Biden’s first 100 days tracking: UCLA experts assess progress on environmental issues
UCLA environmental law and climate change experts have seen positive developments under President Joe Biden. Now, halfway through his first 100 days, they are weighing in on what his administration has already accomplished and watching closely for what to come.
Professors from the UCLA Institute of the Environment and Sustainability, UCLA School of Law and UCLA Luskin School of Public Affairs note that Biden has already brought the United States back into the Paris climate agreement, formed a national climate working group and appointed climate advocates to senior positions. in federal agencies, among other actions. But with narrow Democratic majorities in Congress and a conservative Supreme Court, it won’t be easy for the administration to implement its full environmental agenda, according to UCLA professors.
Here, seven UCLA faculty members share their analyzes of what the president has accomplished and envision the challenges ahead.
Andrew Sabin Family Foundation Co-Executive Director, Emmett Institute on Climate Change and the Environment
Ex expertise in emissions policies and federal environmental policy
On having climate change leaders at the top and what’s next under the Paris Agreement
UCLA Law School
Point of view: It is the first administration to place climate change leaders in strong appointments in agencies and fields, from top to bottom of the list. From health and social services to road safety to the budget office, climate champions are now in place to help tackle this problem in many directions. It is extremely promising.
Next : The United States owes the world its next climate action pledge under the Paris Agreement, and that pledge will be announced later this year. If President Biden is serious about taking back international leadership on this issue, our American engagement has better be good, because global leadership begins at home. The United States is going to have to show that it can make meaningful and lasting national progress on climate change before it tries to exercise any moral authority at the UN.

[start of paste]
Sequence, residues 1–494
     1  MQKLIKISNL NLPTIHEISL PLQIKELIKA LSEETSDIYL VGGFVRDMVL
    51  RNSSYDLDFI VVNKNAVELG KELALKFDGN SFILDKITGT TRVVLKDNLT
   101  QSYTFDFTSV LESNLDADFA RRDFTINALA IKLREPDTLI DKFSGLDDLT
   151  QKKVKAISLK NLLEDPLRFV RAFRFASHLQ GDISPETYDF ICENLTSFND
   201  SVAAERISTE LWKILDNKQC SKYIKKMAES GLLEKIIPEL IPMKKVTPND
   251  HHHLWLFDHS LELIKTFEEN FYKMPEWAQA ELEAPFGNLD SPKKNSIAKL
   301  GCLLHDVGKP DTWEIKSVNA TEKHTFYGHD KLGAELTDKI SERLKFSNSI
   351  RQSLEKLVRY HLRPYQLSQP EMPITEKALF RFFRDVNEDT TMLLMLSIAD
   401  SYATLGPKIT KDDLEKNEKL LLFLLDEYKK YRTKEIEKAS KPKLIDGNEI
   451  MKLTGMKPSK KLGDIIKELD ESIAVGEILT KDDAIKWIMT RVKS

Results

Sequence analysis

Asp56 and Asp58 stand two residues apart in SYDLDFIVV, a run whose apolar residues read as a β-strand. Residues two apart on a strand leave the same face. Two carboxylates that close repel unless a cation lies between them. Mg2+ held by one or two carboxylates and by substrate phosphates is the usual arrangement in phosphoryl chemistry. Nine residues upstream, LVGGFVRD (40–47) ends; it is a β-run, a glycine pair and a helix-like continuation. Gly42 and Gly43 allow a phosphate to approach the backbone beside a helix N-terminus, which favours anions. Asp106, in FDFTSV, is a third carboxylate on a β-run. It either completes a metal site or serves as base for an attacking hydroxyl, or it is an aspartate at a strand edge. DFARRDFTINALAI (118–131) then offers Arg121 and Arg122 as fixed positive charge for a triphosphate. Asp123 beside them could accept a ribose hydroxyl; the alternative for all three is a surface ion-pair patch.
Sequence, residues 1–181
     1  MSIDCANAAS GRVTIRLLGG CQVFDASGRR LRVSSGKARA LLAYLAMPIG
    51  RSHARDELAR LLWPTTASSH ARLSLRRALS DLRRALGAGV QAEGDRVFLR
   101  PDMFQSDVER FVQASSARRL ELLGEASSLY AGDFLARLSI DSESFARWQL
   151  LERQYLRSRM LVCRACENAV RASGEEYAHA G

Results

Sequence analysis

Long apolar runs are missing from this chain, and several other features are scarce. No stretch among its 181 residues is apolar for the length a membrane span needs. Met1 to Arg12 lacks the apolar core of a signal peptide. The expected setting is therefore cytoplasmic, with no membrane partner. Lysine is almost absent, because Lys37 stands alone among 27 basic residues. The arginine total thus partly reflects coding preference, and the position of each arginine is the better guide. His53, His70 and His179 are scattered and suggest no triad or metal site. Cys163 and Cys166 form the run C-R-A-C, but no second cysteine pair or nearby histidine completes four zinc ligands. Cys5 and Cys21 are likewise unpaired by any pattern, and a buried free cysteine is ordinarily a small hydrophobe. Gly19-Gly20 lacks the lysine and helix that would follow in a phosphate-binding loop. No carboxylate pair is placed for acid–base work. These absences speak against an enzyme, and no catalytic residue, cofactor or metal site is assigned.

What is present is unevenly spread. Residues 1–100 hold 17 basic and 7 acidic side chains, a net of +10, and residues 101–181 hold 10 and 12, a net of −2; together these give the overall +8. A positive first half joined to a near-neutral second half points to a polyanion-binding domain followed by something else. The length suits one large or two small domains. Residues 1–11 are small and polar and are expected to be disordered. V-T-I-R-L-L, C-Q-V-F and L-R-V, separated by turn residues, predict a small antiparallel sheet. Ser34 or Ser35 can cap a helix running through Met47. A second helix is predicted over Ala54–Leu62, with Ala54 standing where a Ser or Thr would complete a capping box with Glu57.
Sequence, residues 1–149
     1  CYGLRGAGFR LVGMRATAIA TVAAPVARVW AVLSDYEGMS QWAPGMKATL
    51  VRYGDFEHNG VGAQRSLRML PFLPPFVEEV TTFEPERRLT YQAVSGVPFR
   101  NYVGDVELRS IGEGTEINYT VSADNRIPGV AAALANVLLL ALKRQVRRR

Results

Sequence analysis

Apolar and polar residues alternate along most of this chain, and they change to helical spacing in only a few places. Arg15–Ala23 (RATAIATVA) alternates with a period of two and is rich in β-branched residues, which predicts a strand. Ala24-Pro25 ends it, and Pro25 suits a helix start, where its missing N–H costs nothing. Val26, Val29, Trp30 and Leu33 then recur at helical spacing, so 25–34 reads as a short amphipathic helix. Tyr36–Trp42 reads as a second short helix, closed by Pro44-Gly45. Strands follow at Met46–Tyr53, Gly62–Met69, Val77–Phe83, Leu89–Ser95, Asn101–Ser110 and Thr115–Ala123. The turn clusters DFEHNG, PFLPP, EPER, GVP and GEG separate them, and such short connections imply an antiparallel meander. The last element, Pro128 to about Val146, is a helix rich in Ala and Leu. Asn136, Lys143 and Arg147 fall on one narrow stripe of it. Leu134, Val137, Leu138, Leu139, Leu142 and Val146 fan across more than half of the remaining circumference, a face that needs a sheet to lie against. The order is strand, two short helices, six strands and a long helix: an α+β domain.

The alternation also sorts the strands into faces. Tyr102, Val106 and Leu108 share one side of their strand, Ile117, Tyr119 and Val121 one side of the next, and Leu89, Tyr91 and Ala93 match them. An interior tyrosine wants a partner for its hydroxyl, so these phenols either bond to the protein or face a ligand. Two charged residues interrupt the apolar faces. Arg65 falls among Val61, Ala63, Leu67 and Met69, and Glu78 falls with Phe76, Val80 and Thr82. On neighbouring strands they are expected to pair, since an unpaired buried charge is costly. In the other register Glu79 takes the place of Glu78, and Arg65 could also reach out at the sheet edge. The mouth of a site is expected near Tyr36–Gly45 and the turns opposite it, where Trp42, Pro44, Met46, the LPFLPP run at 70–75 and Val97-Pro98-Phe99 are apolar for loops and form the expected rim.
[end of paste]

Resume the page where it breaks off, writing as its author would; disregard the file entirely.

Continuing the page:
Supervising Lawyer, UCLA Frank G. Wells Environmental Law Clinic
Expertise in emissions regulations, plastic waste policies and environmental litigation
On preparing to defend climate action in court and new automotive emissions standards
UCLA Law School
Point of view: President Biden faces a deadlock in Congress and a more conservative judiciary, especially the Supreme Court. The administration will need to think strategically about using executive agencies to advance major climate action and attempt to preserve these advances in the face of judicial oversight.
Next : I will closely follow Biden’s policies on electric vehicles and the process of implementing new auto emissions and fuel economy standards after the Trump administration rolled back Obama-era standards and revoked the California waiver to set more stringent emission standards. Transportation emissions account for a large portion of total U.S. greenhouse gas emissions, so taking ambitious action in this space would have a big impact.
Professor of Law, UCLA School of Law
Ex expertise in Environmental relations between the United States and China